Recently, because of the economy, we have lost three hundred a month in regular support. And one dear brother, who helps us when the big bills come due (insurance, car repairs, etc.) had his salary cut in half. The others have either been laid off, or cannot find work. I cannot tell you the e-mails we have gotten from anxious souls desiring council during these trying times.

The first thing I advise is to magnify the Lord, not the problem. The second is to pray for wisdom, and search the scriptures. Then I suggest you use your “sanctified noodle”; that’s why God gave you a brain. I then would lighten the ship and keep only the necessary things life requires. And above all, I would be thankful for His Grace and Goodness! This is what Salle and I try to do at such times. It works for us; who knows, it may work for you.

Although the fig tree shall not blossom, neither [shall] fruit [be] in the vines; the labour of the olive shall fail, and the fields shall yield no meat; the flock shall be cut off from the fold, and [there shall be] no herd in the stalls: Yet I will rejoice in the LORD, I will joy in the God of my salvation.


Sunday, October 26, 2008

Feeding the Feeder

As a new-born babe in Christ, I remember listening to The Old-Fashioned Revival Hour and Radio Bible Class every Sunday morning before church. On the weekdays, it was Back to the Bible. How I was fed through their ministries. Much of my spiritual growth as a Christian I attribute directly to these marvelous ministries.

Though I believe, generally speaking, one should tithe through their local assembly (if they are being fed and nourished from the Word of God), I also preached and practiced the truth that your offerings could prayerfully be given to a ministry, or ministries, that have been a blessing to you.

I am so thankful, as I look back over the years, that I supported some of these ministries on a regular basis. I knew what they did for me, and I dearly wanted them to do the same for others.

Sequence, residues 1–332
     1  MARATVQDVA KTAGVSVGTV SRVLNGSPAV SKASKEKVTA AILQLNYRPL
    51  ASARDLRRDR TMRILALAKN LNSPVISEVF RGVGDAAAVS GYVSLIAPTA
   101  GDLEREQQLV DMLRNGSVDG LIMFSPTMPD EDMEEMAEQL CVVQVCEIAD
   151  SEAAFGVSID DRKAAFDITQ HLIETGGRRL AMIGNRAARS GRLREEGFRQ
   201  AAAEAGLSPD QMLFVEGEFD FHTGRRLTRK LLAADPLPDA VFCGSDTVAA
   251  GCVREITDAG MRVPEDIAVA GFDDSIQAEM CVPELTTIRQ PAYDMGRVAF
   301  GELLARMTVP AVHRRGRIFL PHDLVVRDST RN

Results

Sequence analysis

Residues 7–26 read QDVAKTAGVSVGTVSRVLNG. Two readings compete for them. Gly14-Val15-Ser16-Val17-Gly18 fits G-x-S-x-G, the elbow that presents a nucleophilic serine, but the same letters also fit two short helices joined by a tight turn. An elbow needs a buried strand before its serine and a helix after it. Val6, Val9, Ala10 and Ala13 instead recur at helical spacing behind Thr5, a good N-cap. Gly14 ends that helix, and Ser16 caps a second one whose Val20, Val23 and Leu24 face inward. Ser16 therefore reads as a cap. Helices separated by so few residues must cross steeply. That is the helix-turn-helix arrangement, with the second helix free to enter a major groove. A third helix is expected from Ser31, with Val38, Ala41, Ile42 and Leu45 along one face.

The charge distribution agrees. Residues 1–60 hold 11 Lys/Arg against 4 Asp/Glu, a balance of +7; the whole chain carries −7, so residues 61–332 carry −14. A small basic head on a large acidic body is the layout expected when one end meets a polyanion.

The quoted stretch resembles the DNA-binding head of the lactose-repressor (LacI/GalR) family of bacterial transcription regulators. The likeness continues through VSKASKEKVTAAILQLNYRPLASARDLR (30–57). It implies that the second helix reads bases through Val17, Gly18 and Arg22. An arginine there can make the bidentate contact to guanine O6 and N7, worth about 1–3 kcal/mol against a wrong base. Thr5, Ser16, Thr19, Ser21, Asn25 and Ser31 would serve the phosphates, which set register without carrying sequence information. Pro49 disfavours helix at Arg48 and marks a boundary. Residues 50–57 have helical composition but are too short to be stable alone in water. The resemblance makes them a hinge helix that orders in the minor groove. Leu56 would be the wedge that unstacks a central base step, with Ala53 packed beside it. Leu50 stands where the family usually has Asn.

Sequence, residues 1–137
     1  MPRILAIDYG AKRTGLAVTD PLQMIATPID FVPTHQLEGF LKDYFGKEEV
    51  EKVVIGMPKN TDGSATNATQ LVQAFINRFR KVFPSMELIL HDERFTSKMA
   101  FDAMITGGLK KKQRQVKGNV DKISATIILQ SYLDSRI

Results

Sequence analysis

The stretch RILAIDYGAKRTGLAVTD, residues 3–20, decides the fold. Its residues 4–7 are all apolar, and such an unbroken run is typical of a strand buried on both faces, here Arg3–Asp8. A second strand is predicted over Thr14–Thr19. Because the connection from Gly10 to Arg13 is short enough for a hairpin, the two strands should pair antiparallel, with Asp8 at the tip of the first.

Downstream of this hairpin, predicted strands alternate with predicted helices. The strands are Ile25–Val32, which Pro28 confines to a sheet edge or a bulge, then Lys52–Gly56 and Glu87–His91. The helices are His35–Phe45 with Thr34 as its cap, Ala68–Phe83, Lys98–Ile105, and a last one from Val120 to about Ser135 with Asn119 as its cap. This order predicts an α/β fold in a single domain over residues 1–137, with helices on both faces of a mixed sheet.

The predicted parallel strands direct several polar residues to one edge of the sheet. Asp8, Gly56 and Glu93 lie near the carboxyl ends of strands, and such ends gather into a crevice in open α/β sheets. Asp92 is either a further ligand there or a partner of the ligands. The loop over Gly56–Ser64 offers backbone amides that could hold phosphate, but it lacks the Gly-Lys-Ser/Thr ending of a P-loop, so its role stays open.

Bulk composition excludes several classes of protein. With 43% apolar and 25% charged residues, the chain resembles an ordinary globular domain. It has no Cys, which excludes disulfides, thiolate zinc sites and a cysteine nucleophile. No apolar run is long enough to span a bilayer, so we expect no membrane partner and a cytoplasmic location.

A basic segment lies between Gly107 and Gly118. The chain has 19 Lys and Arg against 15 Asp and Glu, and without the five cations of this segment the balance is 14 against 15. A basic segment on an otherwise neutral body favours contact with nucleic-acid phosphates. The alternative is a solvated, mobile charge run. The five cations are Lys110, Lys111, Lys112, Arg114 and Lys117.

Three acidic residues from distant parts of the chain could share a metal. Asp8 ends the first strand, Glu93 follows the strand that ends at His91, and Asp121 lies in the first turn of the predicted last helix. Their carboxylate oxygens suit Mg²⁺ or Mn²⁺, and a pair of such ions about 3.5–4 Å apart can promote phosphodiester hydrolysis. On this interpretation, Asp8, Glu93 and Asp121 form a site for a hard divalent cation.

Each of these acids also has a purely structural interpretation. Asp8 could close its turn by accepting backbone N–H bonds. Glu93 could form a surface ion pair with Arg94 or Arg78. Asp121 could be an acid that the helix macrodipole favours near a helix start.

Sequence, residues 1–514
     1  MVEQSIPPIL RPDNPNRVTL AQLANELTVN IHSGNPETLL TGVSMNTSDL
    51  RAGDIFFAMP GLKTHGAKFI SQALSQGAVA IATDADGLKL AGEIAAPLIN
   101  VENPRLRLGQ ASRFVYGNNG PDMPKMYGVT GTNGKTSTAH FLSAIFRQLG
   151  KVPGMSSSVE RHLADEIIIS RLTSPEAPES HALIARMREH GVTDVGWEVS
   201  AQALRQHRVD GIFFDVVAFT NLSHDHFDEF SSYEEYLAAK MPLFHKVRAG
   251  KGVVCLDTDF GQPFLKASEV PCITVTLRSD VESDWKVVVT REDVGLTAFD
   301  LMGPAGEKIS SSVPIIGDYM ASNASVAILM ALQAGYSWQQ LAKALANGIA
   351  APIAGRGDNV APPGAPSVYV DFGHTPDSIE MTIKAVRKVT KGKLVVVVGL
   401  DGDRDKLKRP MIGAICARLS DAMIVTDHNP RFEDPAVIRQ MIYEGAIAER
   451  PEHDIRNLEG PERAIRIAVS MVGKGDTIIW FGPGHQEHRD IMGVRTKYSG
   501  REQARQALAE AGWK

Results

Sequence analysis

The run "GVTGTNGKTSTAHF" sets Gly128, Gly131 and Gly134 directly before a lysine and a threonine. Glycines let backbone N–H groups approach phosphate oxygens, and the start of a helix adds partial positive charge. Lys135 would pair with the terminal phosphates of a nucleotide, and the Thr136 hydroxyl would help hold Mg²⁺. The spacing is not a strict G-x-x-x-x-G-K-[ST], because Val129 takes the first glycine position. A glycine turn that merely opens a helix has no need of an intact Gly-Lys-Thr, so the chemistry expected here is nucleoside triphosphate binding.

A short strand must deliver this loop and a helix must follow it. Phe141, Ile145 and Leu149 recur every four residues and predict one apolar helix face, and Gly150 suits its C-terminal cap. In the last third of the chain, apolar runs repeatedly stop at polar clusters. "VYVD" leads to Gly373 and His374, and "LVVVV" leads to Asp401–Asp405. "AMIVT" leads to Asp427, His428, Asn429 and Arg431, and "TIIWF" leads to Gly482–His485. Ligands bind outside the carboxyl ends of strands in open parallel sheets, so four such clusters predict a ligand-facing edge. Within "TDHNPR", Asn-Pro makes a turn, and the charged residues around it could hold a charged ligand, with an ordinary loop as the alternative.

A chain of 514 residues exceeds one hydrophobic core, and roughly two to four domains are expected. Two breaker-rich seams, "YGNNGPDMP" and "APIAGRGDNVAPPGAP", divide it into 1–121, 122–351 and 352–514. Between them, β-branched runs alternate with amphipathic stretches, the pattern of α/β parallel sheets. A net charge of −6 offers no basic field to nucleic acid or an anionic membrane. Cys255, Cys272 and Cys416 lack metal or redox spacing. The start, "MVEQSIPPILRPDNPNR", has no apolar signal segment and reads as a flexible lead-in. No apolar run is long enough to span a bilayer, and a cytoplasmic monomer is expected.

How I appreciate now that little handful of faithful friends who financially help us each month. A seasoned preacher told me when I first started out, “You feed God’s people and they’ll feed you.” I call it, “feeding the feeder. I praise God for my “feeders!”

“If we have sown unto you spiritual things, is it a great thing if we shall reap your carnal things?” (1 Cor. 9:11)

Saturday, October 25, 2008

The Ecclesiastes Experience

“I hated life...for all is vanity and vexation of spirit.” Admit it or not, all of us, at one time or the other, have an Ecclesiastes experience. Like Solomon of old, we look through these natural eyes placed in our bodies of clay, and try to understand everything that happens under the sun. When we yield to this temptation, we are dismayed to find that, ultimately, all ends in disappointment. It is only when we look above the sun with our spiritual eyes and behold its Maker that we receive encouragement for our life on earth (2Cor.4:18).

It is then that we realize all the confusing contrasts of life are working together for our good. Both the dark and bright colors are necessary for God to paint His perfect picture. For with the final stroke of His brush, we will see, “He hath made everything beautiful in his time.”
To refuse to accept this will only lead to anxiety and frustration. Both riches and poverty, health and sickness, strength and weakness, joy and sorrow are in the mix of life, and will come out a surprisingly delicious treat in the end.

Sweet and sour are the flavors that make up life.

Friday, October 24, 2008


“Drink no longer water, but use a little wine for thy stomach’s sake and thine often infirmities.” It is not my intention to debate whether this is grape juice or fermented wine. Actually, I lean towards the latter. What I do want to discuss is the transition in Paul’s ministry. I fully realize some have gone to the extreme, leaving us with only his last Epistles for our doctrine and conduct. But, on the other hand, not to recognize any change at all, one ends up with a shipwrecked faith. Because they do not see a reproduction of sign gifts as found in Acts, they become disillusioned.

Paul did not use his apostolic powers to heal his young protégé, nor did he tell him to pray and claim healing. No, he simply encouraged him to use the means God put at his disposal to remedy the problem.

Like Naaman of old, some of us like for God to do something supernatural and spectacular on our behalf rather than using the natural means He has provided. The former makes one look spiritual in the eyes of the brethren; the latter simply makes us come across as just another member of the human race.

Jesus’ humanity is a precious thing. Make sure you don’t lose yours while trying to be spiritual.

Thursday, October 23, 2008

Parental Grief